“From London, where I had joined de Gaulle in March 1941, I learned that this Council had completed a program and adopted it on March 15th, 1944, that offered for liberated France a group of principles and values on which would rest the modern democracy of our country. These are principles and these values that we need today more than ever. It is up to us to see to it, all together, that our society becomes a society of which we are proud, not this society of immigrants without papers -- expulsions, suspicion regarding the immigrants. Not this society, where they call into question social security and national retirement and health plans. Not this society, where mass media are in the hands of the rich. These are things that we would have refused to give in to if we had been the true heirs of the National Council of the Resistance.”

One of the objectives Hessel called for in his manifesto was advanced education for everyone that did not serve only the interests of the moneyed class, but which develops creativity and critical thinking, and the return of the means of production and natural resources into the public’s hands.

“All the foundations of the social conquests of the Resistance are threatened today,” he wrote. “The basic motive of the Resistance was indignation! We, the veterans of the resistance movements and combat forces of Free France, we call on the young generation to live by, to transmit, the legacy of the Resistance and its ideals. We say to them: Take our place! Get angry!

“I wish for you all, each of you, to have your own motive for indignation. This is precious. When something outrages you as I was outraged by Nazism, then people become militant, strong, and involved.”

Hessel visited Israel once before 1967 and his daughter had volunteered in a kibbutz. Then came the Six Day War.

“I always say that when a country wins with such overwhelming might, it’s bad news for that country,” Hessel told Haaretz Magazine. “From 1967, all the Israeli governments continued making two big mistakes: occupation and settlement in the territories.”

Hessel would talk a great deal about the Israeli-Arab conflict.

“Europe is totally in thrall to Israeli propaganda. Europe is not lifting a finger to prevent Israel from continuing to behave as it is now. Israeli propaganda in Europe, France and the United States is far more effective than any other,” he said in the Haaretz interview.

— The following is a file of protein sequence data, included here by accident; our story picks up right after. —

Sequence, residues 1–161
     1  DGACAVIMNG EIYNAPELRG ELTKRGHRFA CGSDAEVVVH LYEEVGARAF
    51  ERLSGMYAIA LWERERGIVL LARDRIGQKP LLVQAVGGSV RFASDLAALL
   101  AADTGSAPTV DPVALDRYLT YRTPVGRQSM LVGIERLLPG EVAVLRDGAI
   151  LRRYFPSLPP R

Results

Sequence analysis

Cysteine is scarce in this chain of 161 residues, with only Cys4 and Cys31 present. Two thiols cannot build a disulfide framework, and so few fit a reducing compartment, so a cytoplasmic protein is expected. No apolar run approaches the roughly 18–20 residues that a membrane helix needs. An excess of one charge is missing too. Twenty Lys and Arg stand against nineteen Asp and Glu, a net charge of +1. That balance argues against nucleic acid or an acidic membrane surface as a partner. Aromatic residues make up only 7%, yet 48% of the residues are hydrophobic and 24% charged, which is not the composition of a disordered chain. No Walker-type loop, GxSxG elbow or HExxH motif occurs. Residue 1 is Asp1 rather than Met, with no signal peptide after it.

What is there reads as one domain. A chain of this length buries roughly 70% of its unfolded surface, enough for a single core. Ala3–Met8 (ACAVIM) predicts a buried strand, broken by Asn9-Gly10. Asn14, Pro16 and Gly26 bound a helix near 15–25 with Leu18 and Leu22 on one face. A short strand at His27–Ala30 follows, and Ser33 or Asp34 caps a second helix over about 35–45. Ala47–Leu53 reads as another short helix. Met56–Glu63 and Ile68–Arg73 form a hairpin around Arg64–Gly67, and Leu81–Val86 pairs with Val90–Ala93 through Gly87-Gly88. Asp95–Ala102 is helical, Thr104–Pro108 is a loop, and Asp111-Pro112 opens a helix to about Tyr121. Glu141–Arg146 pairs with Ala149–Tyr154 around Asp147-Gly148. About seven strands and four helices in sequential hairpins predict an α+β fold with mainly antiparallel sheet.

“I don’t feel any special ties with the Arabs or the Palestinians. But I feel an obligation toward Israel, the responsibility of one who survived World War II and saw firsthand the Jews’ suffering. It is that obligation which makes me write that Israel must be led differently to ensure its security. Israelis might think this is a verbal exercise, but I say it in all sincerity. And I am certain that if we look at the true feelings of the Israelis, we will find that most of them feel the same way. They know that in the long term it is not good for their country to use more and more force, and that Israel will benefit from having friendly relations with its neighbors.”

He added: “On the day that a Palestinian state comes into being that will be subject to international law, and on the day that state will be able to maintain independent relations with Israel on that day it will be possible to start talking about Israel’s security, which is of central importance in modern history. As long as Palestinian violence exists, but not a Palestinian state, Israel is in danger, because it cannot obtain assistance from the international community against an entity that is not subordinate to international law.

“That is why I have always supported a two-state solution. I know there are voices today urging one state which will accommodate Jews, Muslims and Christians. That idea is completely unrealistic. None of the sides truly wishes to go in that direction. For me it is clear: we must show very solid support for Israel on issues of security and be highly critical on issues of occupation.”

Stephane Hessel during an interview with The Associated Press in Paris, France, Thursday, Jan. 6, 2011.Credit: AP